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From the Times Of India
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An Australian researcher sets out to examine various aspects of the LGBTQ population in Asia.
A report published in the United States earlier this year called 'We Are on TV' estimated that 4. 4 per cent of actors who appeared regularly on primetime TV would portray lesbian, gay, bisexual or transgender characters in 2012-2013;a jump from 2. 9 per cent the previous year. A subsequent survey also discovered that the regular visibility of gays on American television, in shows like Modern Family and Glee, had directly influenced viewers' attitudes to homosexuality. Twenty seven per cent of viewers polled said they would support gay marriage, outnumbering the 12 per cent who said gays on TV made them oppose gay marriage.
But in the continent across the Pacific, another reality plays out entirely. In Japan, for instance, surveys show that local television doesn't improve public opinion, it embalms it. That's largely because homosexuality is mostly parodied in the Japanese media - with gay characters only providing comic relief. 'Sassy drag queens, camp gay men, and giggling transsexuals, they were all. . . camp, feminine, hilarious and weirdly sexless. They presented themselves as happy little eunuchs, ' reports Benjamin Law, a journalist. In his new book Gaysia - a clever conflation of his subject and object: gays in Asia - Law, a young Australian of Chinese stock, sets out to cover (in what he initially expected to be a wrinkle-free task) gay cultures in this continent. He was spurred to action after reading hard news accounts of what was happening in the LGBTQ worlds here.
His research, which began in 2009 and ended a year later, took him to seven countries: Thailand, China, Malaysia, Burma, India, Indonesia and Japan. "The more I think about my observations in Japan, the more I believe a lot of countries are like that - if you can't deal with it, laugh at it;it's a sort of defence mechanism, " he says, referring to TV stereotypes that do little to improve gay rights on the streets. "That can have two effects: you might laugh at them because it's an easy way of accessing these people (homosexuals), and it's non-confrontational and you don't have to think of them in any sort of sexual capacity. But it also brings up problems: are you laughing at them because they are ridiculous to you and beyond the realm of being taken seriously? You must question the reasons for their visibility, " he states.
When the Brisbane-based Law first sat down to map out his itinerary, he struggled with which countries to include. Why not Nepal, which hopes to be a gay tourist capital? Or Iran, where homosexuality is met with capital punishment ? "In the end, I realised it wasn't about the countries but the issues they represented, " he says. So India popped up, largely with regard to its gay activism around the time of the repeal of Section 377 (the law that decriminalises homosexuality); Bali's emergence as a gay holiday hub driven by local 'moneyboys' made an entry in the chapter on Indonesia;Myanmar's terrifying HIV situation and its deficient aid programme were investigated, while de-gayification processes by hyperreligious types were documented in Malaysia.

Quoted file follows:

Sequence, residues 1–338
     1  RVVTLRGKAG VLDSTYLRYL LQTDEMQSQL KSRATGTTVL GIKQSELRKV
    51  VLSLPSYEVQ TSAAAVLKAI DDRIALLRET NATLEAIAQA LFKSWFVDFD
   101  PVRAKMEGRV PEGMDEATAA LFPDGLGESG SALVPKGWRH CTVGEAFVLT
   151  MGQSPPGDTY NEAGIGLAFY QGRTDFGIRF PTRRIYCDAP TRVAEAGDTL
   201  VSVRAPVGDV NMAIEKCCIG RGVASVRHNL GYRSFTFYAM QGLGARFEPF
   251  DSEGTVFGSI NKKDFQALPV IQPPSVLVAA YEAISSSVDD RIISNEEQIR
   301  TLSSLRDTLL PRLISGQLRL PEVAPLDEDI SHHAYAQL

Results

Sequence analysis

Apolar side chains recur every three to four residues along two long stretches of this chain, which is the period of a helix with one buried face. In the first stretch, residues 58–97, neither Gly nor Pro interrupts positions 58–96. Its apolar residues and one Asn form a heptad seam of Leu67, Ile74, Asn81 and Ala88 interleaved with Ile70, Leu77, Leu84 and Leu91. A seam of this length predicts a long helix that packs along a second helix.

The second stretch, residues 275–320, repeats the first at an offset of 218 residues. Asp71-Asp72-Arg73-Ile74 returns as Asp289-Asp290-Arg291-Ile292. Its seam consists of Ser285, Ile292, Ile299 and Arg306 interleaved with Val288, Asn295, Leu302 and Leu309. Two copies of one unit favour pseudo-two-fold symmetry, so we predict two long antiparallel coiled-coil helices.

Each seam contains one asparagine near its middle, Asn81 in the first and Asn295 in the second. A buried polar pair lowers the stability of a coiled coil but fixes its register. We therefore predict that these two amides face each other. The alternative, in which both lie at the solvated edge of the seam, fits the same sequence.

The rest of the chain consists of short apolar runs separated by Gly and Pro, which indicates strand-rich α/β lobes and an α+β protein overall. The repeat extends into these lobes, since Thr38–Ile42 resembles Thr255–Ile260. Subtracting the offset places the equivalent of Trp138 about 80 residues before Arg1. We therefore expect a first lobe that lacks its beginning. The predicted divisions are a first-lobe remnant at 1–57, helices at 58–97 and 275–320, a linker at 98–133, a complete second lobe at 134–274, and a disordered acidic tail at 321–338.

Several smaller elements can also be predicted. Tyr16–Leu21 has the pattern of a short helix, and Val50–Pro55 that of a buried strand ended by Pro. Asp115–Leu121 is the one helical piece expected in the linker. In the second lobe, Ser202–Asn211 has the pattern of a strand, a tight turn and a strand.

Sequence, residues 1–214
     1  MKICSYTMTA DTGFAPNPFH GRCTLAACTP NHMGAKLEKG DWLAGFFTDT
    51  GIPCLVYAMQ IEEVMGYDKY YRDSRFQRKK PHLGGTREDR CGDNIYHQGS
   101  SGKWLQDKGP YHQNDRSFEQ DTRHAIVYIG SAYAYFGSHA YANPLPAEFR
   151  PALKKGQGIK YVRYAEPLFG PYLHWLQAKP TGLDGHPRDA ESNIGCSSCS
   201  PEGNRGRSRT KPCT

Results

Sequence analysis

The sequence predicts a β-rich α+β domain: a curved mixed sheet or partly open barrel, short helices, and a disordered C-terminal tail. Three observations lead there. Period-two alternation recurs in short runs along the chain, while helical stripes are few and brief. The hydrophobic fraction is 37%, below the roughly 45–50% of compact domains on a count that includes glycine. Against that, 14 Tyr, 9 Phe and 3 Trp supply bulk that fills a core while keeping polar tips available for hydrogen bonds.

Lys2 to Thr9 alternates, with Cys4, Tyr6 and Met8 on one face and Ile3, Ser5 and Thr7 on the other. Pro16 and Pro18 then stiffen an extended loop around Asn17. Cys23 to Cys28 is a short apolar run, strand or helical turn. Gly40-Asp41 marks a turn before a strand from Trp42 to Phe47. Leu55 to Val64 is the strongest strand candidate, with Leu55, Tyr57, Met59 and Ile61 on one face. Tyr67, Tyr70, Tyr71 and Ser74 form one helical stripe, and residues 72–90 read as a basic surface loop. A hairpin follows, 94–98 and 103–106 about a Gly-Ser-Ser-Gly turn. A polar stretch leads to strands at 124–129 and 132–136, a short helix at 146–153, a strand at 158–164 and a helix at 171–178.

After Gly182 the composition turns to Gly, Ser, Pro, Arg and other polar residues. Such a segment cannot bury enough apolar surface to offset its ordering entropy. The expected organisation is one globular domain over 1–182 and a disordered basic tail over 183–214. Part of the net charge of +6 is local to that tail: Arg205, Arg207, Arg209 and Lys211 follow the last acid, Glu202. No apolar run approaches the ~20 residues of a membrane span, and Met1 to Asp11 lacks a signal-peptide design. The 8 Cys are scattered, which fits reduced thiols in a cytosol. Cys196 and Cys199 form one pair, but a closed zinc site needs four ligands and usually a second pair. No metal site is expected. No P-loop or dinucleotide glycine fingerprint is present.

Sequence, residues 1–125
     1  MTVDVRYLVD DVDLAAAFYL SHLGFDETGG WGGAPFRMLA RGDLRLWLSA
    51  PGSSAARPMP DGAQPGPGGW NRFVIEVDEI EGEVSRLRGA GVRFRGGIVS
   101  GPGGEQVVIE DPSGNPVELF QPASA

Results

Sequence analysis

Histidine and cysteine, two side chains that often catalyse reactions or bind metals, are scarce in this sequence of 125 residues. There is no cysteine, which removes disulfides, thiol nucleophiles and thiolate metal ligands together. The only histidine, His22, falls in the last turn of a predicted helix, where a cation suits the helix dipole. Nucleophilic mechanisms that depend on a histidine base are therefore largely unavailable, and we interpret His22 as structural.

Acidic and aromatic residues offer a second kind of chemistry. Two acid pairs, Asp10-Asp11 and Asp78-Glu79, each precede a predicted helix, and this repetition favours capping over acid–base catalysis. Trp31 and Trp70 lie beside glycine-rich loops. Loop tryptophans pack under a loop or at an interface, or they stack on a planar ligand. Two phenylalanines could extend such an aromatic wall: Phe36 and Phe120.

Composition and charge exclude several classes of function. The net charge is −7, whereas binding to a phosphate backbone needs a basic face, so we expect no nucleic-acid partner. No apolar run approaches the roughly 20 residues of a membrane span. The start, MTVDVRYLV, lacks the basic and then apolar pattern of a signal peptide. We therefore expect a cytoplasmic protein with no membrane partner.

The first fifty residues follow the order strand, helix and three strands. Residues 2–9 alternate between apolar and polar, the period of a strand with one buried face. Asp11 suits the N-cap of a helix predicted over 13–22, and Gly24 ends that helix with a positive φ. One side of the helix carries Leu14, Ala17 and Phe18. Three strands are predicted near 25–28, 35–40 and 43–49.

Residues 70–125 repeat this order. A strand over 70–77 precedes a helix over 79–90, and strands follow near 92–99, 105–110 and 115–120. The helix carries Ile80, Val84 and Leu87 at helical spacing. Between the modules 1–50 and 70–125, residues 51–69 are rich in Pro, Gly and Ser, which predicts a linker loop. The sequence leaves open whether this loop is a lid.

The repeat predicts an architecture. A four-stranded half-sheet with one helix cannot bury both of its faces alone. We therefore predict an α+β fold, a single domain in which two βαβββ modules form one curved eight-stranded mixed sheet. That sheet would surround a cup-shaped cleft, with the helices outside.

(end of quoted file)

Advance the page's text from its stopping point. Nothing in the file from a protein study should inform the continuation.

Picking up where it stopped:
In Thailand, Law tracked transsexuality. He began by looking at the 2009 Miss Tiffany's Universe contest, Thailand's biggest beauty pageant for transsexual women - referred to as 'ladyboys' locally. The winner received US $3, 000, a car, advertising deals and a shot at becoming Miss International Queen. On the sidelines of the pageant, Law delved into the private lives of transsexuals and interviewed surgeons who believe that sex-change procedures make it easier for transsexuals to integrate themselves into Thai society and pursue professional careers.
"Originally, I had delusions of grandeur;I thought I'm going to be writing a book about what it's like to be gay in Asia, this comprehensive encyclopaedic account, " he admits. "Then my editor and I realised it was an insane idea, and to even attempt it, one we would have to make sweeping generalisations, so I decided to focus on specific topics. And these are topics that are not exclusive to these countries, but they amplified the issue somehow. So in China I look at the pressure to marry, which is common across Asia, but in China, that pressure is felt even more keenly because of the one-child policy. "
Law writes about gay Chinese men 'sham marrying' Chinese lesbians, to keep families happy and social systems intact. "In China, you don't only represent your parents' only chance at having grandchildren, but you also represent an ongoing generational social security network, " he explains.
He says he was aware that the book was a hard-sell, especially to non-queer readers. "Who wants to read about gay issues in Asia? I never wanted to make this a niche book, but a mainstream travel adventure book that happens to be about the gay world, " says the 30-year-old who identifies as gay himself. "And to write that sort of book I needed to pull it out of the scholarly and gay travel writing world. I wanted to give it that sense of wide-eyed adventure and a part of that is sometimes laughing at bizarre situations, especially in a place like Thailand, when you're at a transsexual beauty pageant and they're bending over and you can see their packages - that has to go in. "
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